SUM(h.[hours]) AS Hours,
        h.Program,
        o.[Agency],
        r.Sector
FROM    tblOrgRegistrations AS r
        LEFT JOIN tblOrgHours AS h ON h.RegID = r.RegID
                                      AND MONTH(ActivityDate) = 7
                                      AND h.[Hours] > 0
        LEFT JOIN tblOrgActivities AS a ON h.ActivityID = a.ActivityID AND a.ActivityName = 'Board Meeting'
        LEFT JOIN tblOrgProfile AS o ON h.AgencyID = o.AgencyID AND o.AgencyID = '74'
WHERE   r.Board = 1
GROUP BY r.RegID,
        o.[Agency],
        h.Program,
        r.FirstName,
        r.LastName,
        r.Sector
ORDER BY r.LastName

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Also, always include all aliases it makes it easier to read.  e.g. Hours and ActivityDate
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Author Comment

by:al4629740
ID: 40217920
With those " implicit " inner join mean?
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Author Comment

by:al4629740
ID: 40218075
"What does implicit inner join mean exactly?
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Expert Comment

by:Anthony Perkins
ID: 40218431
It means that even though you have asked for a LEFT JOIN you are actually doing an INNER JOIN.
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Accepted Solution

by:
PortletPaul earned 250 total points
ID: 40218506
The reason for having a left join is to permit unmatched rows. If you reference a left joined table in the where clause and do not then also allow for a NULL, you create the same conditions as having used an inner join. Follow the examples below, or got to http://sqlfiddle.com/#!3/9f3be/2 
CREATE TABLE Table1
    ([ID] int, [Name] varchar(6))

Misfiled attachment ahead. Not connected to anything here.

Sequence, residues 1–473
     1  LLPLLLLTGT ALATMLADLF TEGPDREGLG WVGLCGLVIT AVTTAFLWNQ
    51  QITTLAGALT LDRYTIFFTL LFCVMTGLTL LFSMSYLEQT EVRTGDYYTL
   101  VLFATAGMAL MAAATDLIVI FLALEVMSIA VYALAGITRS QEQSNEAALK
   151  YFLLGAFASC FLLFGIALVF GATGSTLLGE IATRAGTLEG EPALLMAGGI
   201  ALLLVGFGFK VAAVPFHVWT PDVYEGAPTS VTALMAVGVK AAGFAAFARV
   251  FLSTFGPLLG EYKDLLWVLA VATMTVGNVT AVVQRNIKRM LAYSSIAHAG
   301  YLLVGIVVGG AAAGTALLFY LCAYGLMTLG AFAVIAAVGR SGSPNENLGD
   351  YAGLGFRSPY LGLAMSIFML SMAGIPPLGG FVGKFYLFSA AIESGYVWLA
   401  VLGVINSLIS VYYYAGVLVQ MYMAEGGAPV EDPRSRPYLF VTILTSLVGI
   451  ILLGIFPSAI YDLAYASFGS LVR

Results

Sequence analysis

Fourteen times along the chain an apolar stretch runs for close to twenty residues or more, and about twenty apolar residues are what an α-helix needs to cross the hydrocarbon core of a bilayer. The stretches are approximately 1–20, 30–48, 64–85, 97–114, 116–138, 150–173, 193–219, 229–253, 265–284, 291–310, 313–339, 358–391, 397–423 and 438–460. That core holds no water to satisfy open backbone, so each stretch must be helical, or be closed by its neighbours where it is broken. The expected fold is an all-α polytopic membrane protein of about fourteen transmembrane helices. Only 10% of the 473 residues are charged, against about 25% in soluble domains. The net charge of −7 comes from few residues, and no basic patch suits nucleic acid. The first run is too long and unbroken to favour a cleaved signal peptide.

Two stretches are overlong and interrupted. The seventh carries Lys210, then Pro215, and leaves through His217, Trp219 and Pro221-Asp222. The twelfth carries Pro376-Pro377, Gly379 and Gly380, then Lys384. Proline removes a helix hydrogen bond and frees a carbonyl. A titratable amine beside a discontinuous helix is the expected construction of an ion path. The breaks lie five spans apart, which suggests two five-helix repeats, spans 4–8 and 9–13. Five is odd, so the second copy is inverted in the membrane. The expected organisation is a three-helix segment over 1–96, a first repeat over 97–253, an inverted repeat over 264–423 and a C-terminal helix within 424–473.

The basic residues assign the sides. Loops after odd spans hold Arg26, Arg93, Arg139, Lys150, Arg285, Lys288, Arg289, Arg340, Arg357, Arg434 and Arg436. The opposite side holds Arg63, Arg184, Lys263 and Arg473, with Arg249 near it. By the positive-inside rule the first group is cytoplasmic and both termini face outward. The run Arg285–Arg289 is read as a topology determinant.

;
    
INSERT INTO Table1
    ([ID], [Name])
VALUES
    (1, 'Fred'),
    (2, 'Wilma'),
    (3, 'Barney'),
    (4, 'Betty')
;

CREATE TABLE Table2
    ([ID] int, [Discount] int)
;
    
INSERT INTO Table2
    ([ID], [Discount])
VALUES
    (2, 100),
    (3, 10),
    (4, 85)
;

**Query 1**:

-- implied inner join, referenced left join table in where clause
SELECT
      t1.id
    , t1.name
    , t2.discount
FROM table1 t1
      LEFT JOIN table2 t2
                  ON t1.id = t2.id
WHERE t2.discount > 0


**[Results][2]**:

| ID |   NAME | DISCOUNT |
|----|--------|----------|
|  2 |  Wilma |      100 |
|  3 | Barney |       10 |
|  4 |  Betty |       85 |


**Query 2**:

-- inner join without where clause
SELECT
      t1.id
    , t1.name
    , t2.discount
FROM table1 t1
      INNER JOIN table2 t2
                  ON t1.id = t2.id


**[Results][3]**:

| ID |   NAME | DISCOUNT |
|----|--------|----------|
|  2 |  Wilma |      100 |
|  3 | Barney |       10 |
|  4 |  Betty |       85 |


**Query 3**:

-- allow NULLS from the join in the where clause
SELECT
      t1.id
    , t1.name
    , t2.discount
FROM table1 t1
      LEFT JOIN table2 t2
                  ON t1.id = t2.id
WHERE ( t2.discount > 0 OR t2.discount IS NULL )


**[Results][4]**:

| ID |   NAME | DISCOUNT |
|----|--------|----------|
|  1 |   Fred |   (null) |
|  2 |  Wilma |      100 |
|  3 | Barney |       10 |
|  4 |  Betty |       85 |



[1]: http://sqlfiddle.com/#!3/9f3be/2

[2]: http://sqlfiddle.com/#!3/9f3be/2/0

[3]: http://sqlfiddle.com/#!3/9f3be/2/1

[4]: http://sqlfiddle.com/#!3/9f3be/2/2